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Dance & drama keys to life
Participants at The Miracle Project workshop. Picture by Sanjoy Chattopadhyaya

Role-play is important while dealing with children with autism. Before a visit to the beach, parents can create an artificial environment to help the child cope with the change of scene better. “Put some soapy water on his hands, place a fan near his head and let him get used to some sand under his feet,” said US-based television and film producer Diane Isaacs to a roomful of parents, principals and special educators.

The mother of a 14-year-old boy with autism (Wyatte), Isaacs was in the city to hold a three-day workshop on autism and explain the “The Miracle Project”, of which she is the co-founder. The project aims at understanding autism better and helps to cultivate social skills in a child with autism using dance, music and drama. Isaacs was accompanied by music therapist Karen Howard. The Calcutta-chapter of the event was organised by Parent Circle Time Autism Identified (Pactai), a parents’ forum, from January 28-30.

“Autism is a challenge, no doubt. It can lead to strange and erratic behaviour in a child. We have to regulate their senses and help them express themselves better. The Miracle Project comprises seven keys that will help unlock the hidden potential in a parent or a special educator first, and ultimately help the child bloom,” added Isaacs.

Students of Disharee Montessori House were treated to a tram ride on Republic Day. They visited heritage sites like Raj Bhavan, GPO, Writers’ Buildings and also got a taste of old Calcutta in Chitpur and Shyambazar. The three-hour ride began from Gariahat tram depot. Picture by Aranya Sen

The parents were first taught to accept their children the way they were and connect with them better. They participated in dance movements, songs, simple games and breathing exercises designed for the purpose. In one such exercise, those present were separated into groups of four. Each member took turns to become the “outsider” and try to get into the group as others moved away from him/her. The feeling of awkwardness that a child feels on being left out was thus demonstrated. “I did not like the feeling of being an outsider,” said a parent at the end of the exercise.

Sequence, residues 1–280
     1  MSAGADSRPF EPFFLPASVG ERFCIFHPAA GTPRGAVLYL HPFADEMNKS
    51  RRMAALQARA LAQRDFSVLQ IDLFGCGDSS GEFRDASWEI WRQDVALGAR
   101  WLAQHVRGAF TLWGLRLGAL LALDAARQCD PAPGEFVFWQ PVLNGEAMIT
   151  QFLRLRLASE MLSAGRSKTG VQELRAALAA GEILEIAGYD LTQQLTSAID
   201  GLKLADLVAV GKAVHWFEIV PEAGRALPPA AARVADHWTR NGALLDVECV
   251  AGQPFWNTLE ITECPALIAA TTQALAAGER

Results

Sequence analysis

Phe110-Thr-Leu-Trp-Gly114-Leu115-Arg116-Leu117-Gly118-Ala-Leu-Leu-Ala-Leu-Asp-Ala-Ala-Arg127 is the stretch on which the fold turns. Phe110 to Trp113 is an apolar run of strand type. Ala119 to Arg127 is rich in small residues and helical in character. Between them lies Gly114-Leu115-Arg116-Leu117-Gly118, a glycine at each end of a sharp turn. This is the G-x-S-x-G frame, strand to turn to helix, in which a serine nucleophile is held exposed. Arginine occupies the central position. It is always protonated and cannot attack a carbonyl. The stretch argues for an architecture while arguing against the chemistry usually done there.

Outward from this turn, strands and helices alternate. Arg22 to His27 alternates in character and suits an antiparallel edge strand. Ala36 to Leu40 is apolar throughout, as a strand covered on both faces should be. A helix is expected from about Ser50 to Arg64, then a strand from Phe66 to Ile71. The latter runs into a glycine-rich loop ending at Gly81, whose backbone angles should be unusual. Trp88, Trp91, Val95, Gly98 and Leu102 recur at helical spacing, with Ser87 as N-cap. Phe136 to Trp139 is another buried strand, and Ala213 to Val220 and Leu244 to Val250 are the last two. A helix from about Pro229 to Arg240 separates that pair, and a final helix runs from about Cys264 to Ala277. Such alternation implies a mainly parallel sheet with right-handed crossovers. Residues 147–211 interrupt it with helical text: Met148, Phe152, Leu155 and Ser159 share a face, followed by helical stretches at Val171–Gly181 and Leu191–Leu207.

There were breathing exercises too that helped the participants release their stress.

“Go with the flow. Understand your child,” said Issacs in a hushed tone as she made her “students” close their eyes, inhale, exhale and lose themselves in a harmonious world of their own. Many parents claimed they felt more optimistic and energised after the session.

“When I learnt that my child has autism, I was shocked. But now, I want to be positive. I am searching for a way to teach my child better,” said Gayatri Srinivasan.

The seven keys for unlocking autism are setting an intention for oneself, loving oneself, understanding the sensory profile of a child with autism, following his lead, including him in day-to-day activities, introducing a real situation to the child through role play and praising him for his good behaviour.

The last day of the workshop saw around 25 special children joining in the celebration of their life.

“The methodology used in The Miracle Project is holistic. As parents and children participated in the exercises, a lot of gaps were bridged and there was hope for a better future for these kids,” said Krishna Roy, the president of Pactai.


Thirteen-year-old Arpan moved restlessly from one corner of the room to another on the fifth floor of The Regency on Hungerford Street.

Ten minutes later, he was introduced to 14-year-old Wyatt Isaacs and instantly opened up to him. Both Arpan and Wyatt are children with autism and were attending the screening of Autism: The Musical, a double Emmy-winning documentary, on January 27. The Miracle Project is the subject of the documentary and the screening provided a preview to the workshop.

The film focuses on the lives of five children with autism who put up an original stage production after being trained in The Miracle Project methodology. The actors included Adam, who plays the cello and taught himself the harmonica at two; Lexi a singer; Wyatt (Isaacs) a budding actor, musician and writer; Neal, who has found a way to express his wants, and Henry, who is knowledgeable about dinosaurs and the world of reptiles.

Priyadarshini Goswami

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